The true moral leadership last week came from Mr Jahan, in his plea against revenge for the death of his son, from the peace wall in Peckham, from the clean-up campaigns, and from all the people in deprived areas who have rallied to reclaim their neighbourhoods from the anti-social minority.

Britain is a great country, in which the good far outweighs the bad. Let us celebrate our strengths as we try to fix our weaknesses.

React Now

Latest stories from i100
iJobs Job Widget
iJobs General

Sustainability Manager

Competitive: The Green Recruitment Company: Job Title: Scheme Manager (BREEAM)...

Graduate Sustainability Professional

Flexible, depending on experience: The Green Recruitment Company: Job Title: T...

Programme Director - Conduct Risk - London

£850 - £950 per day: Orgtel: Programme Director - Conduct Risk - Banking - £85...

Project Coordinator/Order Entry, SC Clear

£100 - £110 per day: Orgtel: Project Coordinator/Order Entry Hampshire

Day In a Page

Read Next
Former N-Dubz singer Tulisa Contostavlos gives a statement outside Southwark Crown Court after her trial  

It would be wrong to compare brave Tulisa’s ordeal with phone hacking. It’s much worse than that

Matthew Norman
The Big Society Network was assessed as  

What became of Cameron's Big Society Network?

Oliver Wright
Noel Fielding's 'Luxury Comedy': A land of the outright bizarre

Noel Fielding's 'Luxury Comedy'

A land of the outright bizarre
What are the worst 'Word Crimes'?

What are the worst 'Word Crimes'?

‘Weird Al’ Yankovic's latest video is an ode to good grammar. But what do The Independent’s experts think he’s missed out?
Can Secret Cinema sell 80,000 'Back to the Future' tickets?

The worst kept secret in cinema

A cult movie event aims to immerse audiences of 80,000 in ‘Back to the Future’. But has it lost its magic?
Facebook: The new hatched, matched and dispatched

The new hatched, matched and dispatched

Family events used to be marked in the personal columns. But now Facebook has usurped the ‘Births, Deaths and Marriages’ announcements
Why do we have blood types?

Are you my type?

All of us have one but probably never wondered why. Yet even now, a century after blood types were discovered, it’s a matter of debate what they’re for
Honesty box hotels: You decide how much you pay

Honesty box hotels

Five hotels in Paris now allow guests to pay only what they think their stay was worth. It seems fraught with financial risk, but the honesty policy has its benefit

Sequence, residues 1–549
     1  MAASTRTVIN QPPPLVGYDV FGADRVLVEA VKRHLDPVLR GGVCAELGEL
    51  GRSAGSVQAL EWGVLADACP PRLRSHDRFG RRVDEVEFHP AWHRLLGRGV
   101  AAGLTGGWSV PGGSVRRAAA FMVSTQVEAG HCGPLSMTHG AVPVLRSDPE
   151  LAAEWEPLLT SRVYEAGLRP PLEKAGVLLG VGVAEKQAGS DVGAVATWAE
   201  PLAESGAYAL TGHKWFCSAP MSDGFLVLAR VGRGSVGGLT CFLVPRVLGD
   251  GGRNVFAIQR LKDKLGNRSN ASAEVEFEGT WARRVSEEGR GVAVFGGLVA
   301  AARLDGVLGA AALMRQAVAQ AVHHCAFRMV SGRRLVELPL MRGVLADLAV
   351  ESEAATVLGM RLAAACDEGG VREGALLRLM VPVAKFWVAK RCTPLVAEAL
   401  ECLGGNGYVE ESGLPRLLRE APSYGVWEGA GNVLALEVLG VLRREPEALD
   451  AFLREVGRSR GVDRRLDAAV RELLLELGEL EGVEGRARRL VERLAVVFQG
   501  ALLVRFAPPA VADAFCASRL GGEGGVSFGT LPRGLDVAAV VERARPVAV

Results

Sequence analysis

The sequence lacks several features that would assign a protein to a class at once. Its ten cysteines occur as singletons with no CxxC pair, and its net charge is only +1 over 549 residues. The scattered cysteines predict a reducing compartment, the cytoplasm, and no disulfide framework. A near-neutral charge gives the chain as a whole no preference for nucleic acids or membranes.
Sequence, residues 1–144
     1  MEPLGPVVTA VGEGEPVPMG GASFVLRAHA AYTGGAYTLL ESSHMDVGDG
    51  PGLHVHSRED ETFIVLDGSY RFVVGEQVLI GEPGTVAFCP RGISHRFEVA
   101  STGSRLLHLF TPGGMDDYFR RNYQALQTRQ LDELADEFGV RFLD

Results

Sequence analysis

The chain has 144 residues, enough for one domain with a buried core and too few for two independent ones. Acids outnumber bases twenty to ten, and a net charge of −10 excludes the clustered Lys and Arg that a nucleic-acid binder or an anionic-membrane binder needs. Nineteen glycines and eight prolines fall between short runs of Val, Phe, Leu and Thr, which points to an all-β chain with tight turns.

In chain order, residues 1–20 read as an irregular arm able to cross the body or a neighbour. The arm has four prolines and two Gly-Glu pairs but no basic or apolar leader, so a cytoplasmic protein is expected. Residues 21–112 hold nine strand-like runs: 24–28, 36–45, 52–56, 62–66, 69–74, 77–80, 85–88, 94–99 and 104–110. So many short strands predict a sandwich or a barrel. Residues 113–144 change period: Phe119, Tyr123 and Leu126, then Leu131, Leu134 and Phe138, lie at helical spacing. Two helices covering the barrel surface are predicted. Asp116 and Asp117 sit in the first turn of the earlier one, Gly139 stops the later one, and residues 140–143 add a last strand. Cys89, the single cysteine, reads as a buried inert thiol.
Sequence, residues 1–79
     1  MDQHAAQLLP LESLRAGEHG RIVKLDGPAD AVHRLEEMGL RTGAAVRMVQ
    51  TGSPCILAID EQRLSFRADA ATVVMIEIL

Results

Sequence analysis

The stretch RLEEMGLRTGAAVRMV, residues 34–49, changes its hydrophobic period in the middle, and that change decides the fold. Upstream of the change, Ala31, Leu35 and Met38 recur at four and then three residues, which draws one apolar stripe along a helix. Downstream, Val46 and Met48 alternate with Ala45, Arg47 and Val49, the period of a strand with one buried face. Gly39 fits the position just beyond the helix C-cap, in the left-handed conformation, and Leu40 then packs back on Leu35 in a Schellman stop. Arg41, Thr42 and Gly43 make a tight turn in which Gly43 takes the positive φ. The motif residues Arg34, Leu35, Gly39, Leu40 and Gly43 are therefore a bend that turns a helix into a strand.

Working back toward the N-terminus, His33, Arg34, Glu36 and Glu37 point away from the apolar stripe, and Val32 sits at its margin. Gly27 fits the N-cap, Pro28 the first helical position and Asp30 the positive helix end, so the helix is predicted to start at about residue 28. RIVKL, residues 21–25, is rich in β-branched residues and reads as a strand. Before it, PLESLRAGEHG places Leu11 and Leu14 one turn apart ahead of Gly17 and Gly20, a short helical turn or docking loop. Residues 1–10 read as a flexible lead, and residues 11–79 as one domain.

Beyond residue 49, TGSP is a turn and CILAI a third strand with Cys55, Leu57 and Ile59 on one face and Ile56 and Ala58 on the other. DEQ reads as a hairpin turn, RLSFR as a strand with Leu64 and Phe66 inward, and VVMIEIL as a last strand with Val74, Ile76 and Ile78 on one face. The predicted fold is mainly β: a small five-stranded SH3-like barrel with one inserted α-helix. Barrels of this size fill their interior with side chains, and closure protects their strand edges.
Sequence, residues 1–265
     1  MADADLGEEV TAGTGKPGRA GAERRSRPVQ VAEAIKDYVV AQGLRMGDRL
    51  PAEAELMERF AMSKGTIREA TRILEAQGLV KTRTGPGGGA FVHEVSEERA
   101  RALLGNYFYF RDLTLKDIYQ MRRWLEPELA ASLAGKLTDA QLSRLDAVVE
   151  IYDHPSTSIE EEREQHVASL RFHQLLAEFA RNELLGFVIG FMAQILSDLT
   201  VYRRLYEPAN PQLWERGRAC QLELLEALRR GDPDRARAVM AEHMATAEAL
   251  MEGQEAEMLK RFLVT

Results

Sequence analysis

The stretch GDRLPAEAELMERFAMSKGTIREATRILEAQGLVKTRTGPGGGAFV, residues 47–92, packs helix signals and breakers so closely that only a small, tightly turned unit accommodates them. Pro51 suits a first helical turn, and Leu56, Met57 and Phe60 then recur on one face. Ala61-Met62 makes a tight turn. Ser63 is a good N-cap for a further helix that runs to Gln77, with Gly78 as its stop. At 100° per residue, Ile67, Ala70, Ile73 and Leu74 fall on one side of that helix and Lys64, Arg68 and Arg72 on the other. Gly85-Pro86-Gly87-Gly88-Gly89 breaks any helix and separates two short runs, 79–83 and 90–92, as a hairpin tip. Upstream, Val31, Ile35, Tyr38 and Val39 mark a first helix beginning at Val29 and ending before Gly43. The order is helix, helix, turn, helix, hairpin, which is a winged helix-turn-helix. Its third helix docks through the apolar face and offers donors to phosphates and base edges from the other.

Some are reformed drug addicts. Some are single mums. All are on benefits. But now these so-called 'scroungers’ are fighting back

The 'scroungers’ fight back

The welfare claimants battling to alter stereotypes
Amazing video shows Nasa 'flame extinguishment experiment' in action

Fireballs in space

Amazing video shows Nasa's 'flame extinguishment experiment' in action
A Bible for billionaires

A Bible for billionaires

Find out why America's richest men are reading John Brookes
Paranoid parenting is on the rise - and our children are suffering because of it

Paranoid parenting is on the rise

And our children are suffering because of it
For sale: Island where the Magna Carta was sealed

Magna Carta Island goes on sale

Yours for a cool £4m
Phone hacking scandal special report: The slide into crime at the 'News of the World'

The hacker's tale: the slide into crime at the 'News of the World'

Glenn Mulcaire was jailed for six months for intercepting phone messages. James Hanning tells his story in a new book. This is an extract
We flinch, but there are degrees of paedophilia

We flinch, but there are degrees of paedophilia

Child abusers are not all the same, yet the idea of treating them differently in relation to the severity of their crimes has somehow become controversial
The truth about conspiracy theories is that some require considering

The truth about conspiracy theories is that some require considering

For instance, did Isis kill the Israeli teenagers to trigger a war, asks Patrick Cockburn
Alistair Carmichael: 'The UK as a whole is greater than the sum of its parts'

Alistair Carmichael: 'The UK as a whole is greater than the sum of its parts'

Meet the man who doesn't want to go down in history as the country's last Scottish Secretary